Anti-glomerular basement membrane (Anti-GBM) disease is a rare small-vessel vasculitis.
Anti-glomerular basement membrane (Anti-GBM) disease is a small vessel vasculitis with an annual incidence of one case per million population.
It is characterised by the formation of anti-GBM antibodies that are directed against collagen in the kidneys and lungs. This can lead to life-threatening glomerulonephritis and/or pulmonary haemorrhage.
Anti-GBM disease is a relatively new term that encompasses the clinical spectrum of both renal and pulmonary manifestations. The condition is associated with two older terms named after Ernest Goodpasture, who initially discovered the condition in 1919:
Anti-GBM disease develops due to the formation of GBM antibodies directed against type IV collagen.
Anti-GBM disease is characterised by the formation of circulating antibodies directed against the alpha-3 chain of type IV collagen. This is found on the GBM in the kidneys and on the alveolar basement membrane of the lungs. These form an antigen-antibody complex, which stimulates an inflammatory response, activates complement and causes tissue injury.
The formation of anti-GBM antibodies, which are predominantly IgG, are thought to occur secondary to an environmental trigger in a genetically predisposed, or ‘at risk’, individual.
There is a strong genetic susceptibility linked to the presence of the human leucocyte antigen (HLA) DR15, which is found in >80% of patients. HLAs are involved in antigen processing and presentation as part of the immune response.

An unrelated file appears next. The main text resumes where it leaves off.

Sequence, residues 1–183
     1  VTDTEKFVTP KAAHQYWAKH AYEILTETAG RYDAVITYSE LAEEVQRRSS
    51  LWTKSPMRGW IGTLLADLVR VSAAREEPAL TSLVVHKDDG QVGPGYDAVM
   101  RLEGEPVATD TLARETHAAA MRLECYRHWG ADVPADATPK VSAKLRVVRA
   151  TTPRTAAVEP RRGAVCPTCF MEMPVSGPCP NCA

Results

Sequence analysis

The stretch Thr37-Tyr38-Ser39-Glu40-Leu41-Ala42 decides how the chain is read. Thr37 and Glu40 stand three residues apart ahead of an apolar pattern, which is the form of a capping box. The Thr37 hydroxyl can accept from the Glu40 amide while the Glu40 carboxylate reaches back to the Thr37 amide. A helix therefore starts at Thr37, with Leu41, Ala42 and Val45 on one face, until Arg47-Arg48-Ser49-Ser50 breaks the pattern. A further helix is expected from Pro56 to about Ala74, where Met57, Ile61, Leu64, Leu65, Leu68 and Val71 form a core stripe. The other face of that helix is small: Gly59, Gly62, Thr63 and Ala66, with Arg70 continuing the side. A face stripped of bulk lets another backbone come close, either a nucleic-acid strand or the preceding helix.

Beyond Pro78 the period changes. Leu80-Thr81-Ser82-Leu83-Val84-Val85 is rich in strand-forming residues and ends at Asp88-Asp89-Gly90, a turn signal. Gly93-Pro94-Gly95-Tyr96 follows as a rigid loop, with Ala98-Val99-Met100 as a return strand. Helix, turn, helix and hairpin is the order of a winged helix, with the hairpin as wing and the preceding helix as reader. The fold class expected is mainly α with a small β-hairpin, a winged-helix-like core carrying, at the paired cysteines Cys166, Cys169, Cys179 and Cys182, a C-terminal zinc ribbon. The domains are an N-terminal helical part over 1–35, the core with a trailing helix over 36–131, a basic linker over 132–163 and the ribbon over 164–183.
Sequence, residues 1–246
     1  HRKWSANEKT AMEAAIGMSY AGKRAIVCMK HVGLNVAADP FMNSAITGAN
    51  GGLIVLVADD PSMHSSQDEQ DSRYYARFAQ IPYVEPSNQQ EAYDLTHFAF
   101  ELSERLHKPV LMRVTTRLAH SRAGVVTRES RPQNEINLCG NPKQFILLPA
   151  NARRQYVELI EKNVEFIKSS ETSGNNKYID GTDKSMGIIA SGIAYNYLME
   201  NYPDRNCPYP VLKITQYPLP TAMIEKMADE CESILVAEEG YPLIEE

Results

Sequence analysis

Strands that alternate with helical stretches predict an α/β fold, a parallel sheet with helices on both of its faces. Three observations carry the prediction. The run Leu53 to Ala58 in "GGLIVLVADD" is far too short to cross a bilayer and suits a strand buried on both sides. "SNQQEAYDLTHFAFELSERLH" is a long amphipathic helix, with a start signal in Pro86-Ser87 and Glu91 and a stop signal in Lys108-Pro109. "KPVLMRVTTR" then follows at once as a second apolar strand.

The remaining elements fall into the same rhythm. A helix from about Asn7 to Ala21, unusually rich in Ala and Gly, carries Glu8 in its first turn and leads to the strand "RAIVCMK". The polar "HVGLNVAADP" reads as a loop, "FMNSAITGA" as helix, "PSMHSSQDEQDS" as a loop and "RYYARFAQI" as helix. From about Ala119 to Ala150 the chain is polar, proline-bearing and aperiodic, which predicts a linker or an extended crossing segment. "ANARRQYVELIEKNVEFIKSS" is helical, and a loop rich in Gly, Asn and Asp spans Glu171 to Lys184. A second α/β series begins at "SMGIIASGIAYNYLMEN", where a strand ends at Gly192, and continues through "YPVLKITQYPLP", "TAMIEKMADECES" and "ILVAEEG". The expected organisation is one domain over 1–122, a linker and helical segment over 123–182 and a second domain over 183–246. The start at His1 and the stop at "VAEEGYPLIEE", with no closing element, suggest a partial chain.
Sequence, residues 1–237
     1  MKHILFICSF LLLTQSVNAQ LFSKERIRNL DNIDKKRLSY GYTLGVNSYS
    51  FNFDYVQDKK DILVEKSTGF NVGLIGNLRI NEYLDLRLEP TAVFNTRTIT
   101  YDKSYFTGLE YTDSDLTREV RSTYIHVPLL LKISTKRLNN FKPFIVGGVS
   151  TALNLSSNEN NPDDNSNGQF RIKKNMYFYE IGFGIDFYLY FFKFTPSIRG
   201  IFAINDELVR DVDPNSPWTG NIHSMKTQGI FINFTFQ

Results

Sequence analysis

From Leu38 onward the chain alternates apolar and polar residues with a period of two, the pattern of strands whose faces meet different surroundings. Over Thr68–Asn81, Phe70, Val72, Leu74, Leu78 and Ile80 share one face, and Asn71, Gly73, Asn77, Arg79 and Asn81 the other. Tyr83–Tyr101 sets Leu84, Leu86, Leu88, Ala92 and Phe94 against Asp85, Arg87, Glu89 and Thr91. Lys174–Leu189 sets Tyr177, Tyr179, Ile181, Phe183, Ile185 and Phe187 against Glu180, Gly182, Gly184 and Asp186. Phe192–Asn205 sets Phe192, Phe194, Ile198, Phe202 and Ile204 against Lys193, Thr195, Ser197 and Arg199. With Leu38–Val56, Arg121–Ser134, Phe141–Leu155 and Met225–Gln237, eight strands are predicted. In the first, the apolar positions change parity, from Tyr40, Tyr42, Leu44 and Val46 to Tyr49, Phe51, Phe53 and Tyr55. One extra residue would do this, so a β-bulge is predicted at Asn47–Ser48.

Interestingly, 5-10% of patients with Alport syndrome may develop anti-GBM disease following transplant.
Alport syndrome is predominantly an X-linked inherited condition, although autosomal recessive and autosomal dominant forms exist. It is a disorder of type IV collagen due to a variety of germline genetic mutations (e.g. COL4A5) that leads to progressive glomerular damage and sensorineural hearing loss.
Following transplant, the presence of a ‘normal’ type IV collagen in the basement membrane of the donor kidney may initiate an immune response leading to anti-GBM disease
Anti-GBM disease is characterised by a rapidly progressive crescentic glomerulonephritis.
The antigen-antibody complex due to anti-GBM autoantibodies leads in an inflammatory reaction In the kidneys. This inflammatory response results in crescentic glomerulonephritis, which is characterised by the histological finding of ‘crescents’ and rapid deterioration in renal function.